6 Places to Try Mezcal in Charlotte
Find out the definition of the term and its local uses
BOTTLES OF MEZCAL, unmarked except for names in black Sharpie on strips of blue tape, are lined up on a table in front of more than a dozen of Charlotte’s best bartenders. They’re here to learn about the agave spirit from Lou Bank, a Chicago resident who comes to town every now and then to visit family in Waxhaw. Bank is the founder of a nonprofit called S.A.C.R.E.D., Saving Agave for Culture, Recreation, Education, and Development. He travels to family-run distilleries in rural Mexico, mostly surrounding Oaxaca, often bringing back bottles to share with American tasters.
Bank hopes to educate people about agave spirits, including mezcal, so when The Punch Room’s head mixologist, Bob Peters, organized this meet-up with drink professionals, Bank was thrilled.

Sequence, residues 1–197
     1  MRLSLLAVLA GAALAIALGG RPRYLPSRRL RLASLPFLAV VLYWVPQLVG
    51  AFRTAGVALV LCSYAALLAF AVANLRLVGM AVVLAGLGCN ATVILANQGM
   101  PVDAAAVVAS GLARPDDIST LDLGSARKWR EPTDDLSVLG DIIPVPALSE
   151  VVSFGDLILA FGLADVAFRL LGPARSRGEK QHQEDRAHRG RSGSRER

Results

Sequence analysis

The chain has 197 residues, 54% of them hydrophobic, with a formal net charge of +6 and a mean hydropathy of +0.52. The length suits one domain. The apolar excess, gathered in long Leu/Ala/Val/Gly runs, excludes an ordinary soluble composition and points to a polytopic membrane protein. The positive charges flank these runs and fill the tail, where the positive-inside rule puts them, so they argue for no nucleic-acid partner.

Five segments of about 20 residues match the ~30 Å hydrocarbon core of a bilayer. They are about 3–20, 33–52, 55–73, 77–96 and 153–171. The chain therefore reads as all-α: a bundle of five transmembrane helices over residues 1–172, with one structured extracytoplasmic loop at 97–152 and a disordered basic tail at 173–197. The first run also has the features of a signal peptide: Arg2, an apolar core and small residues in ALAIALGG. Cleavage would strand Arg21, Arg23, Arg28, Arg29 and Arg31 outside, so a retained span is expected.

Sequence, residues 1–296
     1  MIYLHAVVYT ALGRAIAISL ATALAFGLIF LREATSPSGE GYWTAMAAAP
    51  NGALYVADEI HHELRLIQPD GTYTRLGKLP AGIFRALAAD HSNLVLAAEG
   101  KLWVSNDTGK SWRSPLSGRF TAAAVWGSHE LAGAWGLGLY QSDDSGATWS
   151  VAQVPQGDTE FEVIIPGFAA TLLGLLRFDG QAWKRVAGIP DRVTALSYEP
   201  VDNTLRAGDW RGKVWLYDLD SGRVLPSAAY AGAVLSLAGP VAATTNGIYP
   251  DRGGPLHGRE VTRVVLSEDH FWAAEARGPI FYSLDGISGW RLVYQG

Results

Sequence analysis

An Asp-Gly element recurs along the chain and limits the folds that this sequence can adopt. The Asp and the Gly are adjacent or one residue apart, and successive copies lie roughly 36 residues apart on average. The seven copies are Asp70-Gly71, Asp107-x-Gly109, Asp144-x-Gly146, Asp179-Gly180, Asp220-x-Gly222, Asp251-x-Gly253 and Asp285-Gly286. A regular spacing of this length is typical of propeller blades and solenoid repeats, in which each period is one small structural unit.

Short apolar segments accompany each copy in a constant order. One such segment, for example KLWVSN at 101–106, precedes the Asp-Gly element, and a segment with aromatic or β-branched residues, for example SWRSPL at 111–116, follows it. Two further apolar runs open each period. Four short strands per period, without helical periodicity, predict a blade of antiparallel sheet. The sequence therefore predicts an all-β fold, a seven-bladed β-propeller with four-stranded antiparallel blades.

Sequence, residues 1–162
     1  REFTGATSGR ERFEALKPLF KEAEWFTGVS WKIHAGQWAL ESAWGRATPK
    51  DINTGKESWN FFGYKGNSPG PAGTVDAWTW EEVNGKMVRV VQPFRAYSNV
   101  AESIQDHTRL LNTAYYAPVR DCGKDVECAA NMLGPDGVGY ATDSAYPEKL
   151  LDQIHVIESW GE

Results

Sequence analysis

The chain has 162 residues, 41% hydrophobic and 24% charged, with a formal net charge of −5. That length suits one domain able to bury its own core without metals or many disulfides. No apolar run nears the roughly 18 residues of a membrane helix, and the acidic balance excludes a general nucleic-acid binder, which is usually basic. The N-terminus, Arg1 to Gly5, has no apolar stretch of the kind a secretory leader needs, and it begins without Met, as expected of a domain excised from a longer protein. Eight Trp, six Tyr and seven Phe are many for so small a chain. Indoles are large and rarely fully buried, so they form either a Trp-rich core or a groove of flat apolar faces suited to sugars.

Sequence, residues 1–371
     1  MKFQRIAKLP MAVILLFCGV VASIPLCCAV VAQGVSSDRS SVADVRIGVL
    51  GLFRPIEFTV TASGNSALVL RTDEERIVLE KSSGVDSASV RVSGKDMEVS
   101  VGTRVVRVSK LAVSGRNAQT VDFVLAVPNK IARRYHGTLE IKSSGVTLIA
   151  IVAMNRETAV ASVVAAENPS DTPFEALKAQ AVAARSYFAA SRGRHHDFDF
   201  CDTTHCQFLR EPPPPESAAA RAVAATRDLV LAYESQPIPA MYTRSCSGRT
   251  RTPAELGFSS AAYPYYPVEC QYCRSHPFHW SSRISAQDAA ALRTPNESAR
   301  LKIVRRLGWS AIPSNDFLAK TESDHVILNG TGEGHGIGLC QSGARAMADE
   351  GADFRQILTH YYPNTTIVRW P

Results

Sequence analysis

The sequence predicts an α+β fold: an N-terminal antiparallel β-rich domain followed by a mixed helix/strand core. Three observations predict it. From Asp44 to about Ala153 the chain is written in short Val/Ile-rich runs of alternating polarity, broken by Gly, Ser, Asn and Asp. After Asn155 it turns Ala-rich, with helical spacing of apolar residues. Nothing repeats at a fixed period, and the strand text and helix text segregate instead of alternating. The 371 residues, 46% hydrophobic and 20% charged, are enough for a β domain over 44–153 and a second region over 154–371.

Mezcal is rising in popularity, something Bank attributes to the increasing prices of tequila and the growth of the slow foods movement. It’s often explained as a smokier version of tequila, but mezcals can range widely in flavor. The smokiness you can taste is actually the flavor of roasted agave.
“A lot of people would explain it to you as, well, ‘Tequila’s a kind of mezcal.’ But it’s not, because mezcal is a denomination of origin,” he explains. Both products are certified and have regulations around their production, he says, and both of them use agave, though tequila must be made with a specific one. Mezcal comes from Oaxaca and surrounding areas, while tequila is made near the city of Tequila, Mexico.
Bank encourages bartenders to let guests try mezcal neat at their bars, and pass along the knowledge he shared with them.